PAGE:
This week we continue our look at ECTC 2020.

imec and SPTS Collaborate on Nano-TSV Processes

As part of our IFTLE theme of advanced packaging and interconnect going submicron, let’s look at the imec (long renowned for both their front end and back end work) presentation “Extreme Wafer Thinning and Nano-TSV Processing for 3D Heterogeneous Integration” by Anne Jourdain (Figure 1)


Figure 1: The 3D interconnect technology landscape. (Courtesy, imec)

To reach sub 500nm interconnect pitches, they had to develop an extreme wafer thinning process with total thickness variation (TTV) thickness control over the full wafer and nano through-silicon via (nano-TSV) with a modified Bosch etching process. Using these processes, they have achieved 99% electrical yields between the front and backside of the devices.

The impact of the wafer-to-wafer bonding process on the TSV photolithography with respect to metal 1 must also be characterized.

IMEC is looking into 0.7µm TSVs with 5µm depth. By further thinning the silicon from 500 to 300nm, the TSVs become nano TSVs with diameters of a few 100 nm.  Such thinning requires etch-stop layers and several thinning processes in order to obtain the required dimensional control. The TSV process and the extreme wafer thinning process are shown below (Figure 2 and Figure 3).

Nano-TSV process

Figure 2: Front-end processing with metal tracks. (Courtesy of imec)

Nano-TSV process

Figure 3: Extreme wafer thinning. (Courtesy of imec)

This requires grinding, dry etch, and wet-etch processes.

After wafer thinning to ~500nm they deposit a thin oxide layer (150nm of low-temperature oxide) as backside passivation. The nano-TSVs are aligned to the backside side metal. 150 x 110nm TSVs are filled with copper.

Nano- TSV alignment is a complex lithographic process. They have achieved 16nm (X) and 7nm (Y) overlay (Figure 4).

Figure 4: Nano-TSV connecting front-side metal tracks. (Courtesy of imec)

The Bosch process TSV-etch is more selective to oxide but the scalloping that shows up in micron-sized TSVs becomes unacceptable because the dimensions of the nano-TSVs are as small as the scallop dimensions (Figure 4).


FIgure 5: Illustrating why the Bosch process no longer works for Nano-TSVs. (Courtesy of imec)

IMEC worked with SPTS to develop scallop-less nano-TSVs.

Functional electrical structures were measured and characterized, showing up to 99% electrical yielding connections between the front side and backside of the device wafers, and confirming a final backside-to-frontside overlay below 15nm.

Canon’s Panel Stepper for FO-PLP

Mori, of Canon, updated attendees on the company’s “Study of Submicron Patterning Exposure Tool for Fine 500mm Panel Size FO-PLP”. Interposers for multi-die FPGA modules are limited to 26 x 33mm reticle size. However advanced packaging is evolving into larger packages and finer redistribution layers (RDLs). It is thought that panel-level processing (PLP) advantages increase over wafer-level packaging (WLP) as package sizes increase.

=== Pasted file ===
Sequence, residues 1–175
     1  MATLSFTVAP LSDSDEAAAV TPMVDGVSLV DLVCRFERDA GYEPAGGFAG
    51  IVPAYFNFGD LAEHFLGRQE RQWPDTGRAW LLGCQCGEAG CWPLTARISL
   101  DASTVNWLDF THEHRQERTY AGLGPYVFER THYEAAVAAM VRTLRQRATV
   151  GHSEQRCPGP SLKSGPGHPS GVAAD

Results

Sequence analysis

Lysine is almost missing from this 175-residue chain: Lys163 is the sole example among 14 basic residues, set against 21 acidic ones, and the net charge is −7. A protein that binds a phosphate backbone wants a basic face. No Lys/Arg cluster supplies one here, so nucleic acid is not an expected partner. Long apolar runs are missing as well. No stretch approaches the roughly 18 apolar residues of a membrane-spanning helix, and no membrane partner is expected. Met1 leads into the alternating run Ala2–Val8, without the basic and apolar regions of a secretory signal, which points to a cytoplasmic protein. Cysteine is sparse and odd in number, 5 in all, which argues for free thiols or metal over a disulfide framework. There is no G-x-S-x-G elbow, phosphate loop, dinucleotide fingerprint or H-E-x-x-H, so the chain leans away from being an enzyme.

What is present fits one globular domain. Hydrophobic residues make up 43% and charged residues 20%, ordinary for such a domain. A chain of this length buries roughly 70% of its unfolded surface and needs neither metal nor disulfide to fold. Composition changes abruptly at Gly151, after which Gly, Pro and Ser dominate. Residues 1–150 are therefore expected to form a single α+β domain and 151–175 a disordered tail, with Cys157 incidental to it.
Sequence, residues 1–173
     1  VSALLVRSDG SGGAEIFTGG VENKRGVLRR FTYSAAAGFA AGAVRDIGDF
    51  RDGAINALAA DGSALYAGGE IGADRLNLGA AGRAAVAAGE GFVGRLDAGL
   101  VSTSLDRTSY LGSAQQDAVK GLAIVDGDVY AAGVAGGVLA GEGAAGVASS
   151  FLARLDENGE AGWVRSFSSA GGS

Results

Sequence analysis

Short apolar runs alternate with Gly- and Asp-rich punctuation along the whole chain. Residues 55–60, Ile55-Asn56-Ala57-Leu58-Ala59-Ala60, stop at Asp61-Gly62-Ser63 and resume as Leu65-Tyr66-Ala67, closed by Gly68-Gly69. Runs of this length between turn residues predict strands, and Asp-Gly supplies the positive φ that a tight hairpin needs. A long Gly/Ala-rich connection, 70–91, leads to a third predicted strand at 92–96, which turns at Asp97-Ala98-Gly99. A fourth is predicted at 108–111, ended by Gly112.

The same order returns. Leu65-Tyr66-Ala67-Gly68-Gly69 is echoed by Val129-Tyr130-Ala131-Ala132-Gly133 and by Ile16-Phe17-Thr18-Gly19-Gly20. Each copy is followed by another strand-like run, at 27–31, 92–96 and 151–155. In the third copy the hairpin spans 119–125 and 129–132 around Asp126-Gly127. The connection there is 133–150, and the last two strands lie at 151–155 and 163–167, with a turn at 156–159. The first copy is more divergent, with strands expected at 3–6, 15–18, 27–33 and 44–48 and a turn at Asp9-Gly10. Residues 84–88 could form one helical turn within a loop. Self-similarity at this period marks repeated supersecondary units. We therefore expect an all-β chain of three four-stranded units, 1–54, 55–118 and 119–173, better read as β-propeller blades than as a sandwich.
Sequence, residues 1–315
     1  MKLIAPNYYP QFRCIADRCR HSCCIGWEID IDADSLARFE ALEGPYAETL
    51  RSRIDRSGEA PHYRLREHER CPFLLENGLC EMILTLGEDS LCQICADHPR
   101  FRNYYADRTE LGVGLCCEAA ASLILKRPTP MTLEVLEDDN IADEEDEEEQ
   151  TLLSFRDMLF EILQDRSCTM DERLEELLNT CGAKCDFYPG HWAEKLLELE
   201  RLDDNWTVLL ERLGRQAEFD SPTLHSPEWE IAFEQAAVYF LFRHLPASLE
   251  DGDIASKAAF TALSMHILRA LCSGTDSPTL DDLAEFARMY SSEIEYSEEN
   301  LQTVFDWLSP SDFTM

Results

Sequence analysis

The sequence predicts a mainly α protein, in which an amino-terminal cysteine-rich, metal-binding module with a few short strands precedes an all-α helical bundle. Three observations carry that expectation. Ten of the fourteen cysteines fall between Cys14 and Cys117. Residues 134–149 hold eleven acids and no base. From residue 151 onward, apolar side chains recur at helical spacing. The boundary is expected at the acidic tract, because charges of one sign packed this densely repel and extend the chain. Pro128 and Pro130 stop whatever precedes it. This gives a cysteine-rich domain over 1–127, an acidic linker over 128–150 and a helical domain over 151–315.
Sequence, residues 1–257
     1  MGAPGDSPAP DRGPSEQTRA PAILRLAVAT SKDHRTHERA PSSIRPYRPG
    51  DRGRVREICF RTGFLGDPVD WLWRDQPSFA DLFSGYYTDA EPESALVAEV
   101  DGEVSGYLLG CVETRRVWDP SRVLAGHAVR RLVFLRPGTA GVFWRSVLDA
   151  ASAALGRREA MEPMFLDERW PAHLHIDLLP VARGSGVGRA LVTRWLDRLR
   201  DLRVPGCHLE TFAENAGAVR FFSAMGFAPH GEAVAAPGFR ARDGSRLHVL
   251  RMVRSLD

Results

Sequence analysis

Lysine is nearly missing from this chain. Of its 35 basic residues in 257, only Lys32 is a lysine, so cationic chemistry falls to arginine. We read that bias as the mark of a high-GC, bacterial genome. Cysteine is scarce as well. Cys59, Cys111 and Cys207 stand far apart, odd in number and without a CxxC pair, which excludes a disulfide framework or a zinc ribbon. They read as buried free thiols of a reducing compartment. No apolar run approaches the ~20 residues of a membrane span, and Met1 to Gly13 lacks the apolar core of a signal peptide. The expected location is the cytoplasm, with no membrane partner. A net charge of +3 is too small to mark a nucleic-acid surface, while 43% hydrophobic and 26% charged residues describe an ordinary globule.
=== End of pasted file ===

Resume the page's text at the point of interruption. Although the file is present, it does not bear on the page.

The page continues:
• Challenges of fine-featured FO-PLP include:
  • Exposure tool resolution enhancement
  • High-resolution photoresist development
  • Panel flatness improvement
  • Large panel coating tool uniformity

Canon’s sub-micron panel stepper is shown below with specs.

Figure 6: The world’s first 500mm submicron stepper from Canon.

Figure 7: Resist modeling. (Courtesy of Canon)

Resist coating uniformity has been modeled in Figure 7.

Whereas a 10% thickness uniformity is okay for a target of 5µm l/s, 1.6% uniformity is needed to achieve 1µm l/s. They modified resist to control evaporation of the solvent and achieved 1.7% thickness variation over the panel.

Further studies on plating uniformity, electric performance, and cost engineering are necessary to start high volume manufacturing of FOPLP.


After the publication of IFTLE 457 where I said that I had never see TSMC describe their SoIC process as being “hybrid bonding”, a reader who was at the IMAPS DPC in March wrote to indicate that Doug Yu’s presentation had a SoIC slide in it that had the initials HB pointing towards the bond. Since I was not there (avoiding the coronavirus) and Doug did not include his slides in the IMAPS download package, I certainly missed that. Below is a photo of the slide highlighting the HB from a reliable source. You have to look close, but it’s there:

Figure 8: The “HB” stands for hybrid bonding.


For all the latest in Advanced Packaging stay linked to IFTLE……………………….

Phil Garrou

Dr. Philip Garrou is a subject matter expert for DARPA and runs his consulting company…

View Phil's posts

Become a Member

Media Kit